On the eighth aniversary of the 2001 terrorist attacks on the United States, President Barack Obama and the entire presidential staff, from maintenance men and cooks to Rahm Emmanuel and David Axelrod, gathered on the South Lawn of the White House to remember.
The rain in Washington let up just before 8:46 a.m.—the time the first hijacked plane crashed into the World Trade Center—and the group stepped out for a brief moment of silence.
The president and first lady Michelle Obama then proceeded to the Pentagon, where the president, dressed in black, laid a wreath at the building's 9/11 memorial, and made somber, unusually religious remarks:
Eight Septembers have come and gone. Nearly 3,000 days have passed—almost one for each of those taken from us. But no turning of the seasons can diminish the pain and the loss of that day. No passage of time and no dark skies can ever dull the meaning of this moment.
So on this solemn day, at this sacred hour, once more we pause. Once more we pray — as a nation and as a people; in city streets where our two towers were turned to ashes and dust; in a quiet field where a plane fell from the sky; and here, where a single stone of this building is still blackened by the fires.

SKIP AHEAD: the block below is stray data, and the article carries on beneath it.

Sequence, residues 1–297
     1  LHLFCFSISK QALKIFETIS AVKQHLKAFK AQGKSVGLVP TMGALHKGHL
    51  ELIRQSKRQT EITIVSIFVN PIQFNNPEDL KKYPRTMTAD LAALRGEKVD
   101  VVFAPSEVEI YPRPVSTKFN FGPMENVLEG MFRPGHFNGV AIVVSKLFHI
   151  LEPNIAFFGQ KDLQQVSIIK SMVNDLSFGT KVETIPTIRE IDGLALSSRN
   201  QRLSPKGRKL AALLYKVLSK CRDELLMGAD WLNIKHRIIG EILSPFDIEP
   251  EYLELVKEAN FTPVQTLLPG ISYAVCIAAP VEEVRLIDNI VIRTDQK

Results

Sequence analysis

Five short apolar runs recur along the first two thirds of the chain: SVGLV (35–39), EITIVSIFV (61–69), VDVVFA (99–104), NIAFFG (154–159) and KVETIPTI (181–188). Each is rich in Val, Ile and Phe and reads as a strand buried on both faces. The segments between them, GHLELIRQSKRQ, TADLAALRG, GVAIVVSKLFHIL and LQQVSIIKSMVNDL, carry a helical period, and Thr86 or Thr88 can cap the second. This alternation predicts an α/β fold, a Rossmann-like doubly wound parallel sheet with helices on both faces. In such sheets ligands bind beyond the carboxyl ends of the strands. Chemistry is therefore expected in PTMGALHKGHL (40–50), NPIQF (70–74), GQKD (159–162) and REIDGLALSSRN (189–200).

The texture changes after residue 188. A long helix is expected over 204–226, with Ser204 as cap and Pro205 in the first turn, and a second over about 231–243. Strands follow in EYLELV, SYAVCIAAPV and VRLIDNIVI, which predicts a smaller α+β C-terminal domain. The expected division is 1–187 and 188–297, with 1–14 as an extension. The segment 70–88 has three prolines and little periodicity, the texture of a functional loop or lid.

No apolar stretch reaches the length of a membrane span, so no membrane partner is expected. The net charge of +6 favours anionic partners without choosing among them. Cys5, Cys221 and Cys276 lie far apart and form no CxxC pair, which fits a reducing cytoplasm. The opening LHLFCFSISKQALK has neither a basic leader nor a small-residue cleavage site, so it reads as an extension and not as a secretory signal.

We remember with reverence the lives we lost. We read their names. We press their photos to our hearts. And on this day that marks their death, we recall the beauty and meaning of their lives; men and women and children of every color and every creed, from across our nation and from more than 100 others. They were innocent. Harming no one, they went about their daily lives. Gone in a horrible instant, they now "dwell in the House of the Lord forever."
We honor all those who gave their lives so that others might live, and all the survivors who battled burns and wounds and helped each other rebuild their lives; men and women who gave life to that most simple of rules: I am my brother's keeper; I am my sister's keeper.
We pay tribute to the service of a new generation—young Americans raised in a time of peace and plenty who saw their nation in its hour of need and said, "I choose to serve"; "I will do my part." And once more we grieve. For you and your families, no words can ease the ache of your heart. No deeds can fill the empty places in your homes. But on this day and all that follow, you may find solace in the memory of those you loved, and know that you have the unending support of the American people.
Scripture teaches us a hard truth. The mountains may fall and the earth may give way; the flesh and the heart may fail. But after all our suffering, God and grace will "restore you and make you strong, firm and steadfast." So it is — so it has been for these families. So it must be for our nation.
Of course, 9/11 is a day of reflection for all Americans. And Obama has used the "brother's keeper" language of the Bible before—most recently to a conference call of faith leaders in support of health care. But it's hard to think of another speech to a non religious group that has been so Christian.
Covers the White House and Washington for The Root. Follow her on Twitter.